We make software for humans. Custom Mac, Windows, iOS and Android solutions in HyperCard, MetaCard, and RunRev LiveCode
by Jacqueline Landman Gay
This tutorial will show you how to create CGIs using LiveCode and its scripting language. CGIs allow your web site to produce dynamic content, process data, and work with stacks while interacting with a web server.
This tutorial assumes you have a minimal understanding of a few basic concepts. You'll need to know where the main web directory and its CGI sub-directory are located on your server, and you'll need some familiarity with either an FTP program or a terminal program so that you can set file permissions. Please see the documentation for your FTP program or your operating system if you have questions about setting file permissions, or the location of these directories.
There has been a great deal of discussion about CGIs on the LiveCode Mailing List in the past. The mailing list is a good place to ask questions about anything that is not covered in this tutorial, or sections you may want more information about. If you are not already a member, you can join the LiveCode mailing list at their web site.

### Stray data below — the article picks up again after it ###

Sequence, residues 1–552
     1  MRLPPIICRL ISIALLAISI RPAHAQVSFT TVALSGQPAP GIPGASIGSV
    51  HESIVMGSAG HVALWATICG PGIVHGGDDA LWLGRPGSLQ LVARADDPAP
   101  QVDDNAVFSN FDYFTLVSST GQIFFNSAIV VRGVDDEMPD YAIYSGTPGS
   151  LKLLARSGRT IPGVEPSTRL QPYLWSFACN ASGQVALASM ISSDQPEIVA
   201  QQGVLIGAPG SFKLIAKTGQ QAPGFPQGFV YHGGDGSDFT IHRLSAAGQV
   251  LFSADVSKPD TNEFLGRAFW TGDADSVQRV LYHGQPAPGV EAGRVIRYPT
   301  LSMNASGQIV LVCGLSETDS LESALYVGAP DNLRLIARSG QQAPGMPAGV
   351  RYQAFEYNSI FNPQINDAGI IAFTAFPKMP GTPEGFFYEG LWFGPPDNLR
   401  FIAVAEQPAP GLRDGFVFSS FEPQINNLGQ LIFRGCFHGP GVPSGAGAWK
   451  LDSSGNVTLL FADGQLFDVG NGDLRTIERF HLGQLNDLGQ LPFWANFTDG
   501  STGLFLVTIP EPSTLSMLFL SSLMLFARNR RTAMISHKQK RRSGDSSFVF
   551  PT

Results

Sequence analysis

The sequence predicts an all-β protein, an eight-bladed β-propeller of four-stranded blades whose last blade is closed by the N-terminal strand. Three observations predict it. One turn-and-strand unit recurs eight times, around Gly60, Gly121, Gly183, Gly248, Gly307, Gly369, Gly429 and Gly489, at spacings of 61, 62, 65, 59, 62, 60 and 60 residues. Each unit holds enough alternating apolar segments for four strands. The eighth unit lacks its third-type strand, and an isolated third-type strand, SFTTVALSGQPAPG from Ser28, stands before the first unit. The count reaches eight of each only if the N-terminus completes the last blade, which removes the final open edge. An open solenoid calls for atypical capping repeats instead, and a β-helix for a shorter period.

Start at the Table of Contents and work your way through the sections in order. If you are already familiar with CGIs written in other languages, you may find that you can skip some sections. However, best results are probably obtained by at least skimming through all parts of the tutorial.
With the introduction of the 4.0 engine, LiveCode no longer supports traditional CGI access. CGIs have been replaced by the remarkable iRev product, which allows direct LiveCode scripting inside web pages, without the need for external CGIs. However, in some cases the more traditional approach is required and in these cases CGIs are still useful. For this tutorial you will need a copy of Rev 3.5 or older. If you have a previous copy of LiveCode (formerly called Revolution,) use that version. If not, and you do have a legal licensed copy of LiveCode, contact me at the email address below and I'll see what I can do.
This tutorial will refer to "Revolution" throughout, since that was the last engine that supported CGIs directly at the time of this writing. Since then, LC 7.0 was re-enabled as a CGI engine, so you can also use that version or a later one as well.